Names are an often overlooked aspect of code reviews. If you’re reviewing a piece of code, you should pay attention to the names of classes, methods, variables and so on, because they are what you rely on to understand what the program is doing. Sometimes, you may know the correct term that should be used because it was used elsewhere in a part of the codebase that the current engineer is unaware of. If you’re reviewing a piece of work, and you make an assumption as to what a method does, or what a class is, based on its name, but you realise that that assumption is wrong, treat it as a code smell, and mention it.
Name Things For Humans, Not Machines
Donald Knuth famously remarked that, “Programs are meant to be read by humans and only incidentally for computers to execute.” As such, choose names and formats that make sense for the programmer. Aim for clarity, not just brevity. Using $x for a variable name is not as informative as using $totalFoo, for example.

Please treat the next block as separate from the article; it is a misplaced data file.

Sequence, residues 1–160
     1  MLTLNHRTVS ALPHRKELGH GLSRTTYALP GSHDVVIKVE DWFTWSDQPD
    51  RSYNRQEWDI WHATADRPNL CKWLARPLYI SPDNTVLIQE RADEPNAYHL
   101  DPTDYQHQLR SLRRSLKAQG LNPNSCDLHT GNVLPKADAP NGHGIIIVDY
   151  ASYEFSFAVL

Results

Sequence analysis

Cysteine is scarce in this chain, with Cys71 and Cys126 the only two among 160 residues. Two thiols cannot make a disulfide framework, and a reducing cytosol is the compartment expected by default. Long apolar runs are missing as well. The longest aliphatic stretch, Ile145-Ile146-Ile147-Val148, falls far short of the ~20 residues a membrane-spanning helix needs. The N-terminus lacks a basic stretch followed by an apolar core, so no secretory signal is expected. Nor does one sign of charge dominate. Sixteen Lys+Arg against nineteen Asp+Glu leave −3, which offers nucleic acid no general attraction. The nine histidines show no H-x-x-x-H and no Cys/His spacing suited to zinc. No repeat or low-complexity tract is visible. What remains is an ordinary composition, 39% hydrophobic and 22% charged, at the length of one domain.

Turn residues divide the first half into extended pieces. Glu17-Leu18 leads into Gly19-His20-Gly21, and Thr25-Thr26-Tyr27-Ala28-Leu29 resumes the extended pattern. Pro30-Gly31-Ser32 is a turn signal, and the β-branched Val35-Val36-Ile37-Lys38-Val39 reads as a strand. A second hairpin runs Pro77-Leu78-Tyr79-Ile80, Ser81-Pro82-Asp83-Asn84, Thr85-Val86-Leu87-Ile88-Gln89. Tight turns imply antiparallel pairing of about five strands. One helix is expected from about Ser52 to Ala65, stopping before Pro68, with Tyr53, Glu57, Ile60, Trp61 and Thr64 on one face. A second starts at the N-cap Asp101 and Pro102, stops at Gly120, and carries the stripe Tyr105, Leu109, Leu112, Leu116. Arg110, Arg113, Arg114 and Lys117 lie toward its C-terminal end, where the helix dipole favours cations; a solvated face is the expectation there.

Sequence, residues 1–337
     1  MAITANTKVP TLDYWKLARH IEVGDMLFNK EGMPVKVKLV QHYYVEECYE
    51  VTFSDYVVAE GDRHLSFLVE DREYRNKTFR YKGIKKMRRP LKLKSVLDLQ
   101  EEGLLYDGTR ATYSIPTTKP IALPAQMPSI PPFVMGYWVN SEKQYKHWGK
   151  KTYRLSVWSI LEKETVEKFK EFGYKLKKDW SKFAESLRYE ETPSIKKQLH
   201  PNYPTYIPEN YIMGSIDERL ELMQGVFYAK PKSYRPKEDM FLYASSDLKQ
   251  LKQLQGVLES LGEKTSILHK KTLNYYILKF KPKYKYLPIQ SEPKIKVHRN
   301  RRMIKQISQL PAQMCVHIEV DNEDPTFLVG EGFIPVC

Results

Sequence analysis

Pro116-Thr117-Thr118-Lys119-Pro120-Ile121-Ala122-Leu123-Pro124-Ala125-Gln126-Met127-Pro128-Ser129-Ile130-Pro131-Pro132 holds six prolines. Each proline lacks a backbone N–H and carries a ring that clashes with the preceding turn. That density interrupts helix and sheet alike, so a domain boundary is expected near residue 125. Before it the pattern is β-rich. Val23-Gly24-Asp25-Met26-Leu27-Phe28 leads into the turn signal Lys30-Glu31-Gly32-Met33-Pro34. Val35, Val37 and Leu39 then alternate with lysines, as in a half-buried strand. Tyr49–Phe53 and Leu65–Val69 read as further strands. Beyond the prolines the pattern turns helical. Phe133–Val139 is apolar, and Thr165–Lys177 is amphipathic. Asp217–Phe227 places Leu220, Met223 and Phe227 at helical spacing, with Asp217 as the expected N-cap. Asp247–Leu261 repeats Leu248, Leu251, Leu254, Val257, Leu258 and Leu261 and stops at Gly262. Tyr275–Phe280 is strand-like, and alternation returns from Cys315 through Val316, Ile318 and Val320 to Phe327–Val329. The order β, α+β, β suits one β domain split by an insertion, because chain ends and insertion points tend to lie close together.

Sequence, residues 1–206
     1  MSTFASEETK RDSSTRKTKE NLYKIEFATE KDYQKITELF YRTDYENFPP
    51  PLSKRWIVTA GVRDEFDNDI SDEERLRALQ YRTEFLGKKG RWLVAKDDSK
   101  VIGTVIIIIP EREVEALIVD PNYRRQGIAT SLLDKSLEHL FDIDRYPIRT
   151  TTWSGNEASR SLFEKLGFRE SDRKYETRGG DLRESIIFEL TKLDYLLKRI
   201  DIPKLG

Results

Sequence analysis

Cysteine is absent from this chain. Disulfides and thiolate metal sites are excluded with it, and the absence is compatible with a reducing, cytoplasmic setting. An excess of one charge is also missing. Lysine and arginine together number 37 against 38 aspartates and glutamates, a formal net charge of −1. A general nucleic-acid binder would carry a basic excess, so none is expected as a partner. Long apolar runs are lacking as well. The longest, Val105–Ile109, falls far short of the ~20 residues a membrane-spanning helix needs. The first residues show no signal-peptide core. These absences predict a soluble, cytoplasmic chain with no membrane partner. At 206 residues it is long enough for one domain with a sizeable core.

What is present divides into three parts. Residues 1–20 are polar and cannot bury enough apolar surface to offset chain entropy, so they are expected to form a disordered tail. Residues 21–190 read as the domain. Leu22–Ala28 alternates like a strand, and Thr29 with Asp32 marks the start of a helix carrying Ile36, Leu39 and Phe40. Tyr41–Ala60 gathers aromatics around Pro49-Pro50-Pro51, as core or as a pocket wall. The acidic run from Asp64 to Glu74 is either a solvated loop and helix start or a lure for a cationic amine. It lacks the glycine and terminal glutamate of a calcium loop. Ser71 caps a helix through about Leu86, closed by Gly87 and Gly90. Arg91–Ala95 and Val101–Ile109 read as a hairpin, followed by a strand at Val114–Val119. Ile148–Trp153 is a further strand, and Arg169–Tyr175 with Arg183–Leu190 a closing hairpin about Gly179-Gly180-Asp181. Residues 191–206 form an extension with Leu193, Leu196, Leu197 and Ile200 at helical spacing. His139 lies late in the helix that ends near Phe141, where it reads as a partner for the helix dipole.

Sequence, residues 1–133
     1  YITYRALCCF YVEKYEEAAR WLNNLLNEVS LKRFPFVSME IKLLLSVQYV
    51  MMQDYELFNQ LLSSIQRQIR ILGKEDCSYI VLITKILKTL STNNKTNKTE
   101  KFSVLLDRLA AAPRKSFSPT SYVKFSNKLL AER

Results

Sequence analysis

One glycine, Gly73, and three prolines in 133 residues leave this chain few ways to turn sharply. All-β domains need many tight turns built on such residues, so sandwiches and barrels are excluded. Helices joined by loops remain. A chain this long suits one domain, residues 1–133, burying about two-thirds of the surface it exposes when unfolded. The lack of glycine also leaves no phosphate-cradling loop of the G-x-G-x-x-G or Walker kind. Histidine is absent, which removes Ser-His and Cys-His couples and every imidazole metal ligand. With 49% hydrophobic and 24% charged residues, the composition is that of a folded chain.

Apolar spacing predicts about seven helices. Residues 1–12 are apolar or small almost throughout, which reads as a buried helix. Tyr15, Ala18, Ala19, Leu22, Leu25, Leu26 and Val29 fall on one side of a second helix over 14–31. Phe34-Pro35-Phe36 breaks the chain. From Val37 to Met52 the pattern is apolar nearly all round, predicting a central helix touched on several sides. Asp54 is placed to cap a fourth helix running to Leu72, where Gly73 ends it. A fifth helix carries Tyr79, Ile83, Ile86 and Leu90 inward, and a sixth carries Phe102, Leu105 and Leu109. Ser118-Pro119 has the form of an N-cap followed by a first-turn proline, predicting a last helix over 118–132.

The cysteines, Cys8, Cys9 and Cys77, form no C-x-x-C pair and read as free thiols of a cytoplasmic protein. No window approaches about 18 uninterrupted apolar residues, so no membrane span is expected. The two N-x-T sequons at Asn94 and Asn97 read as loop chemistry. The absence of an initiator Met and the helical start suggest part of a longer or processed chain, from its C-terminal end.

It’s Not Just About The Name
Explaining your intentions in a single word is hard. Sometimes no word seems perfect, and you just have to make a decision. However, the truth is we don’t have to always depend on a word. We can write documentation, and share it with other engineers or clients. We can write comments in our code to help explain things to the next engineer that comes along.
While having a good name for something is important, you can’t get away from the fact that, in software, you’re taking words used in our everyday language, and reapplying and reinventing them for the digital world, with business rules and a host of other new meanings that are not obvious. Good, clear, concise and up-to-date documentation is still necessary, and doubly so if a name can be confusing.
The last point here is a simple one: you’re human. You’ll still get it wrong from time to time, so cut yourself some slack. Language is messy and complicated. I always have a laugh whenever the “relationships” question gets asked, and think, “Here we go again.” Crucially, however, we all learned from it, and it’s helped us get better. Naming things is still hard, but at least we’re not making it harder for ourselves.